Troy Tulowitzki, the Holy Grail of big-hitting shortstops, would appear to be the quick-fix solution to the Mets' offensive woes, a significant flaw that may cost them the NL East lead before long.
And with the malfunctioning Rockies sinking like a stone in the West, Tulo should be available sooner rather than later. While this pairing is talk-radio gold, the real-life implications of trading for Tulo have the Mets resistant to such a deal in the immediate future, a source said Wednesday.
Not impossible, mind you. Because situations, along with asking prices, can be fluid from week to week. And the Mets' 2-1 loss Wednesday night to the Cubs, a brutal defeat that wasted Matt Harvey's nine-strikeout performance in seven scoreless innings, featured another no-show by the bats.
The Tulo question has come up again after the New York Post reported he is scheduled to sit down with his agent Friday to talk about demanding a trade out of Colorado. The fact they're meeting is a strong indication which way Tulo (.786 OPS, 2 HRs, 11 RBIs) is leaning already. The Mets, who have been linked to Tulo since February, cannot publicly discuss another team's player because of tampering rules.
But their internal thinking remains the same as it was during the winter. They are not willing to part with any of their promising young starters, a list that includes the obvious candidates: Harvey, Jacob deGrom, Noah Syndergaard and Steven Matz. Even if that hurdle could be cleared, the Rockies still would have to pick up a significant chunk of the $114 million Tulo is owed through 2020.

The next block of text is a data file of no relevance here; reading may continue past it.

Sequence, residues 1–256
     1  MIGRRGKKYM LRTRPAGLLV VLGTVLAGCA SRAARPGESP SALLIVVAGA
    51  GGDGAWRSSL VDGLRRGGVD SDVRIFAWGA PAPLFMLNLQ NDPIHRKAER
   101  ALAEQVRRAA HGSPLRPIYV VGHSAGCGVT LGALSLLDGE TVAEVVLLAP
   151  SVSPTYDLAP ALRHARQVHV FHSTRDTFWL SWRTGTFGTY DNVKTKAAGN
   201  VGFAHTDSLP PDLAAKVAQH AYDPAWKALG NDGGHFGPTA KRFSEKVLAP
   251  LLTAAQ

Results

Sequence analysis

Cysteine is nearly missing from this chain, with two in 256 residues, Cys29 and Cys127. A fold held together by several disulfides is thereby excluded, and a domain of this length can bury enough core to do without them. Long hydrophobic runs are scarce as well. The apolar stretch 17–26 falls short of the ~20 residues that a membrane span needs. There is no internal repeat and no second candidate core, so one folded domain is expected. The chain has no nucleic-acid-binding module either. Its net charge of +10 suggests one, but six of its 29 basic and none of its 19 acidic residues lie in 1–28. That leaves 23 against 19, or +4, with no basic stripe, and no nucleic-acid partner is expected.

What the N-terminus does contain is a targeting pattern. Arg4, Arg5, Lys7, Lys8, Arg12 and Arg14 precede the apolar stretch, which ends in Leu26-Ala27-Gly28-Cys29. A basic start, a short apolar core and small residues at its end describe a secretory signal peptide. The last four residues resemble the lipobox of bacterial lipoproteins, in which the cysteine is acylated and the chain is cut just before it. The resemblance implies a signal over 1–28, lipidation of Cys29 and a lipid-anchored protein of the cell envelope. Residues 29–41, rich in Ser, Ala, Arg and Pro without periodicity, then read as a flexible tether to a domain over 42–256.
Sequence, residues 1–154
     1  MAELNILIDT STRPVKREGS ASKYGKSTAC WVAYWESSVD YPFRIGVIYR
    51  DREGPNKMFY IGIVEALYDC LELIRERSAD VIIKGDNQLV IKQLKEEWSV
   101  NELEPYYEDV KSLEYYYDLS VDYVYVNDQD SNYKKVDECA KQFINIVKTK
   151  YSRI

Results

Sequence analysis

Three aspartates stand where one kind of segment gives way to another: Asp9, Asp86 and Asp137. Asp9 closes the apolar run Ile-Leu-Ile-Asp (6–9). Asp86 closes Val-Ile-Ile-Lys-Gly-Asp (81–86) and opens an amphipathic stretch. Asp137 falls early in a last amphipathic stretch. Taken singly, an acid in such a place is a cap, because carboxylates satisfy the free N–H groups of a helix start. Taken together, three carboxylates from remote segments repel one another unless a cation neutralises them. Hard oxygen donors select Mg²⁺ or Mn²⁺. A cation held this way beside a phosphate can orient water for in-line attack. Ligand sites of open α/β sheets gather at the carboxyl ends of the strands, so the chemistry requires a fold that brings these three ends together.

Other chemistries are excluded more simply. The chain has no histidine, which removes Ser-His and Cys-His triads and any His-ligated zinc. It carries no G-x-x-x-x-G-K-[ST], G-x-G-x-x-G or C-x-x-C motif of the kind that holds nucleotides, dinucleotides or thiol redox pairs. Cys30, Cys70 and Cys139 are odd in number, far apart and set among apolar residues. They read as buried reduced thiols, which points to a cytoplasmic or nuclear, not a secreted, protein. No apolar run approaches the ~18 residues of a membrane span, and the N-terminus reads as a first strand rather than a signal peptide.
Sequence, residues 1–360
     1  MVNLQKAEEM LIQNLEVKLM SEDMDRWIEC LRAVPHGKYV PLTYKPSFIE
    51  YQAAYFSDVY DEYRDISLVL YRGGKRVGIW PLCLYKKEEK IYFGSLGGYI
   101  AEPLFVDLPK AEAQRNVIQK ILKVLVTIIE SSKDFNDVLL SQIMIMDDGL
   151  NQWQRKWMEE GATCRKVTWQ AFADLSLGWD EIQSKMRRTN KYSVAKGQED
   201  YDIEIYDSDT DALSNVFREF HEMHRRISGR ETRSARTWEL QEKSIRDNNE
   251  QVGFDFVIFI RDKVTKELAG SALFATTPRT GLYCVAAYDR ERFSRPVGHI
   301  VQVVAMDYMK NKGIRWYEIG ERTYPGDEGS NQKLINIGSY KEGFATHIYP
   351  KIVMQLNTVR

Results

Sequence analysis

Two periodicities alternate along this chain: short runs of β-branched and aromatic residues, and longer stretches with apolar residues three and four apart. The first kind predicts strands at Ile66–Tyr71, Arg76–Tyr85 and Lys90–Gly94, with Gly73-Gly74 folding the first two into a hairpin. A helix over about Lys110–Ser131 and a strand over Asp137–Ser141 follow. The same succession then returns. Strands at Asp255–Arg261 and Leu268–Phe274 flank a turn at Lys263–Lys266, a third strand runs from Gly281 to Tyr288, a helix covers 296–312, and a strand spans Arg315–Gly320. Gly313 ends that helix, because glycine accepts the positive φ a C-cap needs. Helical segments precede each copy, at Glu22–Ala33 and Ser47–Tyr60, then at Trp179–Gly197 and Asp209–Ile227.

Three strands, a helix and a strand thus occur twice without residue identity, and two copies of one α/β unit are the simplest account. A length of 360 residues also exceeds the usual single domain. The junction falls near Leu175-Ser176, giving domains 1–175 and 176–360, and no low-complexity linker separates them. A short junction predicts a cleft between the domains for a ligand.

On the surface, those parameters don't make the Mets a great trade partner for Colorado, despite shortstop being the most logical spot for an instant upgrade to the offense. Pretty soon, the Mets will need to ask themselves how long they can keep wasting solid pitching performances. The rotation's 3.04 ERA is the best in the majors, but the Mets have scored three runs or fewer in 12 of their last 15 games and are 6-9 during that stretch after starting the season 14-5. Their division lead also has slipped to 1 games, the smallest margin since April 19.
"It's always hard to lose a tough game like that, especially when Matt pitched a great game," Terry Collins said. "We're just not giving any of our guys any room to wiggle."
The Mets' .651 OPS ranked 28th in the majors -- only the Angels (.642) and Phillies (.614) were lower -- and Collins has to be losing faith in the lineups he's been scribbling together lately. As long as they don't include David Wright and Travis d'Arnaud, or even Juan Lagares -- who is sidelined indefinitely with a muscle strain -- there's not much reason to think this group suddenly will start lighting up the scoreboard.
That's the Catch-22 for the Mets. They realize how important it is to stockpile starters these days -- with pitchers dropping almost every week around the majors -- but are reluctant to trade from that attractive surplus to acquire offensive help. Before you mention Dillon Gee, he's not going to return an impact bat. Sandy Alderson is going to need to get creative, and simply waiting for Wright to heal up may not be a viable option.
For the meantime, the Mets' plan is to do it without Tulo. Alderson has spent his first four years collecting talented young players while letting the team's bad contracts expire. Blowing up that blueprint for one player, especially an expensive risk like Tulowitzki, is not something the Mets want to do just yet.
We'll see if that can be a winning strategy in the weeks and months ahead.